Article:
The world, or at least our small Santa Cruz mountain world, is vibrant in these last days of 2021, scrubbed and rinsed with rainwater. Take a step outside and breathe it in, this symphony of sensation; cold air, the scent of fir needles and the roar of creeks, the drip of gathered raindrops from the canopy into duff. Earthy musk of hidden mushrooms, blue tint of woodsmoke unspooling into clouds. Feel into it, the beauty and the damage, too; mudslides and fallen trees, the burn scar, another year passed in pandemic uncertainty. Take a walk, carve out a moment to observe the world around us. Erosion carries silt downhill, but in these upside down times, wealth is increasingly concentrated higher and higher up the economic ladder. Such a top-heavy system seems destined, eventually, to succumb to the natural forces that govern all the rest of existence; it is a comfort, breathing heavily as we climb another steep trail to the ridge top, to think that we are part of such a vast and intricate network of interconnected systems, and that economics is only one of the threads that tie us, however precariously, to our time here. Older, deeper ties hold us fast as well, the commonalities of breath and blood, bone and muscle, to say nothing of a deep rooted love that all life has for itself, a desire to live and continue living, to live well, to live in the manner that seems most right and in alignment with its own nature. Taste the winter moisture in the air and remember that you too are an animal, who wants only to exist as all others do, and feel the kinship between yourself and the myriad lives rustling and living all around you. When I say you, I mean I, I mean we. I mean all of us, and the plant kin too, who generously create oxygen from our spent breath. I mean the mushrooms, and the microbes that bring us bread and beer, and the protozoa and the flagellates and even, arguably, the viruses, that share this bit of space-time with us. We're all here, striving, existing, remaking the world over and over, in relation to each other. Money is just an idea, albeit a useful one. True richness is reserved for ecosystems, for diversity, for symbiotic relationships, and it is a complex thing, not easily reduced to binaries. Our warm breath turns to steam in the cold air, the mist rises from the valley floor, just the same.
Leave the heady thoughts behind, let a stiff breeze whisk them from our furrowed brows. Sometimes the season can have us concentrating on the wrong things, or on things that we are without power to influence. As the calendar ticks off the last square days of the year, it's natural to reflect and look back. This is, after all, how we learn, through trial and error, through regret and second chances. We learn to by hope, by aspiration and imagination, dreams and schemes and best-laid plans. We learn through love, because even pain is a measure of love. In these final days of 2021, we count on both hands, blessings and sorrows and hopes and goals, until we run out of fingers and offer up only our open palms, to receive and to give, congruently.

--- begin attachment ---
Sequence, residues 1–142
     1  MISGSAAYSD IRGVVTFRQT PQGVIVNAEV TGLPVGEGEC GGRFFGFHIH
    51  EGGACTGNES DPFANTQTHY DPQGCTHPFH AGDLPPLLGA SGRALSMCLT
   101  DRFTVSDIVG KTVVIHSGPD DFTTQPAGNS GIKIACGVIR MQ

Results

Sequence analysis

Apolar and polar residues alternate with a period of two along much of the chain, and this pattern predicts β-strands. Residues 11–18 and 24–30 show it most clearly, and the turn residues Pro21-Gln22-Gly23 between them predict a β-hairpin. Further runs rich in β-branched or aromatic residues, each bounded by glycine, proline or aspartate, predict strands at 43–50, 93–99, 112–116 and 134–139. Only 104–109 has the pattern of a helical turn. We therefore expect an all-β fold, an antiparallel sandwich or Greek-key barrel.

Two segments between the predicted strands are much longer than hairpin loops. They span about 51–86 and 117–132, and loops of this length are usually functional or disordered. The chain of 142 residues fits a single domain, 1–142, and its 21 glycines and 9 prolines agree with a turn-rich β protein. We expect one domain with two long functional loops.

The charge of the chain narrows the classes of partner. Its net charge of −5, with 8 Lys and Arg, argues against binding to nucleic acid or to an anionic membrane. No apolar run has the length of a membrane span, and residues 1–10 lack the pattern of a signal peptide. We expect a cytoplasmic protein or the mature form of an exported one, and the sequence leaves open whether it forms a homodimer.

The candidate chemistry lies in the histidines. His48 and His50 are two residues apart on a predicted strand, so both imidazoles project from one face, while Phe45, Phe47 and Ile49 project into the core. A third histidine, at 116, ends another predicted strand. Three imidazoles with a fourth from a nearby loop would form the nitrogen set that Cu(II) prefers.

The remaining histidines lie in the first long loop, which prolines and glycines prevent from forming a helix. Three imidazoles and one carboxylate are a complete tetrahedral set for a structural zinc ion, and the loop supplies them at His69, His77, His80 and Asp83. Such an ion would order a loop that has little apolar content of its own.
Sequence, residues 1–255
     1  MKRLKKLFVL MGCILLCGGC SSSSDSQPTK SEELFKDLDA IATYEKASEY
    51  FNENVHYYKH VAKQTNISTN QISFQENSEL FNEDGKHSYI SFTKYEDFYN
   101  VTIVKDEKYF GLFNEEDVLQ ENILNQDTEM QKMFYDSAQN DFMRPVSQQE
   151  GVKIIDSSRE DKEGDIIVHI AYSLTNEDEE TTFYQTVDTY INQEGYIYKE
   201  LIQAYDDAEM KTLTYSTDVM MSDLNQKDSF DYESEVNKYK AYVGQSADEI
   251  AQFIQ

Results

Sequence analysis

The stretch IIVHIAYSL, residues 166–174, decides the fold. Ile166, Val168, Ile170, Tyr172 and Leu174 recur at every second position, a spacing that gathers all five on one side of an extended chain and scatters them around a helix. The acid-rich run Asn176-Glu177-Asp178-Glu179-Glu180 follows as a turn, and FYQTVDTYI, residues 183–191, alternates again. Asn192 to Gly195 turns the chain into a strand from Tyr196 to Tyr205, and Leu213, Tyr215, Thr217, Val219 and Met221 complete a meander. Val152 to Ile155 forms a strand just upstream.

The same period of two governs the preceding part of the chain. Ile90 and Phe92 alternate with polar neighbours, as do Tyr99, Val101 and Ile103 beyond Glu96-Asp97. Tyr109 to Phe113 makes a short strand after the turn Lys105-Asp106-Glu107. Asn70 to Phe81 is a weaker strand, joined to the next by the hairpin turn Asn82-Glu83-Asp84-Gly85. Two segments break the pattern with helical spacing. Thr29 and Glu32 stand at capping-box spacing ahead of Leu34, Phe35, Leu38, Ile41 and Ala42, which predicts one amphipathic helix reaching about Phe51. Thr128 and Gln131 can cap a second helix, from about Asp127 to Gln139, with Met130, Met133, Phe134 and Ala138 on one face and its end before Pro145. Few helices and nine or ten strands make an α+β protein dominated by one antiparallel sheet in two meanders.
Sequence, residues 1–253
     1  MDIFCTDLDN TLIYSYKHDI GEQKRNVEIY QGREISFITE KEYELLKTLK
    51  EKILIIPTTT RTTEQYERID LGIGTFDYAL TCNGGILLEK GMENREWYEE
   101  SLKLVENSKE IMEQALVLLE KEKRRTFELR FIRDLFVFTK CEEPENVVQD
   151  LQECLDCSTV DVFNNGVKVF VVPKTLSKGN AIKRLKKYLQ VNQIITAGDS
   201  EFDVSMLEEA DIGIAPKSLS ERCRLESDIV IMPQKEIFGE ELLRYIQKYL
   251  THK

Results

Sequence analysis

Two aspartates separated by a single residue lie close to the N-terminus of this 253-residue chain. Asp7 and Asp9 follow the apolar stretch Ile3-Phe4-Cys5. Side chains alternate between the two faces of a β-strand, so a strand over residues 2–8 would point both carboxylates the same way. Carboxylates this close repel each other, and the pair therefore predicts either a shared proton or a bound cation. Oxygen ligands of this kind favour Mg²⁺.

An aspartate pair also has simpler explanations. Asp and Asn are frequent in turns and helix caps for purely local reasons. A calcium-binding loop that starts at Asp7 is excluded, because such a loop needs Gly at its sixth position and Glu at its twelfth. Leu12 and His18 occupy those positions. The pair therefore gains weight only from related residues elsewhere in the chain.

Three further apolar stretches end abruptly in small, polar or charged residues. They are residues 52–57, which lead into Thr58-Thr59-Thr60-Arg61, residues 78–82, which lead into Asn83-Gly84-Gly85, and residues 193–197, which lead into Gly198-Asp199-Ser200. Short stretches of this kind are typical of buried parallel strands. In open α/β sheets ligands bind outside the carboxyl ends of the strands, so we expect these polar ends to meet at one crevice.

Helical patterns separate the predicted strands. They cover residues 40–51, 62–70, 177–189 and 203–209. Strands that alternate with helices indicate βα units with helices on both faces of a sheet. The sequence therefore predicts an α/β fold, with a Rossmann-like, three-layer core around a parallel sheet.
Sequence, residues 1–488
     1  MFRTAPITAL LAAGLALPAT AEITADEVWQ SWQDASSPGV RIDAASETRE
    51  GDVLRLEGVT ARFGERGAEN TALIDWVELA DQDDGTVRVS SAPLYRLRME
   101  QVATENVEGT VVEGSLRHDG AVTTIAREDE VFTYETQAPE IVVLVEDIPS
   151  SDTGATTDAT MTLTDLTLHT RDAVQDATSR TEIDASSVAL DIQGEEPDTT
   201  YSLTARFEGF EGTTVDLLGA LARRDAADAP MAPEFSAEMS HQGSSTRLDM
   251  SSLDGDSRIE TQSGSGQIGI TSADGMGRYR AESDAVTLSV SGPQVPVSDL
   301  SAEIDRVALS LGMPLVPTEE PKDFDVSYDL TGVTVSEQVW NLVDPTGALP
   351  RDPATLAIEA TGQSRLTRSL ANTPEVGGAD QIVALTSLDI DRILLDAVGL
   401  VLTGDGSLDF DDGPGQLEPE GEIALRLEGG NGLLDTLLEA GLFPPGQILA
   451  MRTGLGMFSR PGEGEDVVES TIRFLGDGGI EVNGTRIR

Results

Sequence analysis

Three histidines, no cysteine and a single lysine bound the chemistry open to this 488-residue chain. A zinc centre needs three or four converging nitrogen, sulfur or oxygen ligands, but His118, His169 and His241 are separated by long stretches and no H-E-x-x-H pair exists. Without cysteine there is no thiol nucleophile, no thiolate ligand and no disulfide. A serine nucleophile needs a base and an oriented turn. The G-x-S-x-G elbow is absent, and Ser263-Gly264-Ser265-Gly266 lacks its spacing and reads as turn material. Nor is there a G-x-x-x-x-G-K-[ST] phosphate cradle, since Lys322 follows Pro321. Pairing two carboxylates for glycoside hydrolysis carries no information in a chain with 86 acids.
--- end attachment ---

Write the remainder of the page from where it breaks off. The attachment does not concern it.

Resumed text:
We might gather with selected friends, or we might seek to isolate for reasons of community care. In the garden, the citrus fruits come finally winter-ripe; glowing oblong lemons, bright limes, squat mandarins. Alone or together, we gather the cold bright harvest. Zest the rinds and squeeze the juices, savoring all parts of their bright, vitamin-filled fruits. Citrus always feels like a bit of summer, come to remind us of sunshine in the deeps of winter. That bright acidity, a sharp piquancy, the color of sunsets and past warmth, preserved in brilliant globes on evergreen trees.
This week, we highlight a spectacular recipe for Mandarin or Tangerine Negronis. Here is the blessing that accompanied this post when it was first published in 2018.
"Tangerine juice, a harbinger of the season, tart and sweet all together. Bitterness from the Campari, and while sweetness is all well and good, a drink that makes you pause and reflect seems appropriate in the new year. A bitterness that does not dominate, but must be reconciled. There's joy here, and bright flavor, and dark undertones, and sharpness and smoothness and yes, maybe we are overthinking things, perhaps it is only a cocktail, and we should stop pontificating and wish you all...a very happy new year...Cheers, dear readers, and friends, and loved ones. May this one coming be the start of something good."
Like the truest wishes, this one stands the test of time. May we all find the grace and space to meet the coming new year with an awareness of our blessings and an intent to keep on striving for better. We are so grateful for this community, for our customers and friends and neighbors, and for our time here on this beloved earth. May all who read this receive our sincerest wishes for an abundant and fruitful new year.
By Jessica Tunis